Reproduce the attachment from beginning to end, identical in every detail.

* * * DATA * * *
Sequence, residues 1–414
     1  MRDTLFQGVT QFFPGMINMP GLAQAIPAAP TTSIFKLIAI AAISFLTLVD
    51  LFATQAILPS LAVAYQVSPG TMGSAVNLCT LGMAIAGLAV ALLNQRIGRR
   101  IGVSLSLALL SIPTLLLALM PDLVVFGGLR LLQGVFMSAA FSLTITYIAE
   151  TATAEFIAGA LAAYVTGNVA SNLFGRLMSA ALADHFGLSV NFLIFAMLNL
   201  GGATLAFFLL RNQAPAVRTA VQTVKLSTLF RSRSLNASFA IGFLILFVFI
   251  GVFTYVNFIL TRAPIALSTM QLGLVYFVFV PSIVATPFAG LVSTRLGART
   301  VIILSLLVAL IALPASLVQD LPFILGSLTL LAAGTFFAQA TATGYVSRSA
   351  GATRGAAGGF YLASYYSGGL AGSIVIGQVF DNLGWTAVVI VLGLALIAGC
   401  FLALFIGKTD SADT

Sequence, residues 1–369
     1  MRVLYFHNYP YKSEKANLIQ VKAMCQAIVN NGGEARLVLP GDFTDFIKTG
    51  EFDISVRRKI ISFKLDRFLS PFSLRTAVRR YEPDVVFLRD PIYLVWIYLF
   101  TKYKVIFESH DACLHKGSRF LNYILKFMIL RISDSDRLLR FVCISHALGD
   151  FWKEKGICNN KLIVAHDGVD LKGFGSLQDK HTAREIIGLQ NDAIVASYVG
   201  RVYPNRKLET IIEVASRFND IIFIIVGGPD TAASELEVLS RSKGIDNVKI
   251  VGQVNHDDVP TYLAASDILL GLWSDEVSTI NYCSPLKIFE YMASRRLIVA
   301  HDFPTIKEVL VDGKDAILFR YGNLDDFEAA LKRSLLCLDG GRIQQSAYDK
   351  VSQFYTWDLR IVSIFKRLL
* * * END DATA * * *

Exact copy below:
Sequence, residues 1–414
     1  MRDTLFQGVT QFFPGMINMP GLAQAIPAAP TTSIFKLIAI AAISFLTLVD
    51  LFATQAILPS LAVAYQVSPG TMGSAVNLCT LGMAIAGLAV ALLNQRIGRR
   101  IGVSLSLALL SIPTLLLALM PDLVVFGGLR LLQGVFMSAA FSLTITYIAE
   151  TATAEFIAGA LAAYVTGNVA SNLFGRLMSA ALADHFGLSV NFLIFAMLNL
   201  GGATLAFFLL RNQAPAVRTA VQTVKLSTLF RSRSLNASFA IGFLILFVFI
   251  GVFTYVNFIL TRAPIALSTM QLGLVYFVFV PSIVATPFAG LVSTRLGART
   301  VIILSLLVAL IALPASLVQD LPFILGSLTL LAAGTFFAQA TATGYVSRSA
   351  GATRGAAGGF YLASYYSGGL AGSIVIGQVF DNLGWTAVVI VLGLALIAGC
   401  FLALFIGKTD SADT

Sequence, residues 1–369
     1  MRVLYFHNYP YKSEKANLIQ VKAMCQAIVN NGGEARLVLP GDFTDFIKTG
    51  EFDISVRRKI ISFKLDRFLS PFSLRTAVRR YEPDVVFLRD PIYLVWIYLF
   101  TKYKVIFESH DACLHKGSRF LNYILKFMIL RISDSDRLLR FVCISHALGD
   151  FWKEKGICNN KLIVAHDGVD LKGFGSLQDK HTAREIIGLQ NDAIVASYVG
   201  RVYPNRKLET IIEVASRFND IIFIIVGGPD TAASELEVLS RSKGIDNVKI
   251  VGQVNHDDVP TYLAASDILL GLWSDEVSTI NYCSPLKIFE YMASRRLIVA
   301  HDFPTIKEVL VDGKDAILFR YGNLDDFEAA LKRSLLCLDG GRIQQSAYDK
   351  VSQFYTWDLR IVSIFKRLL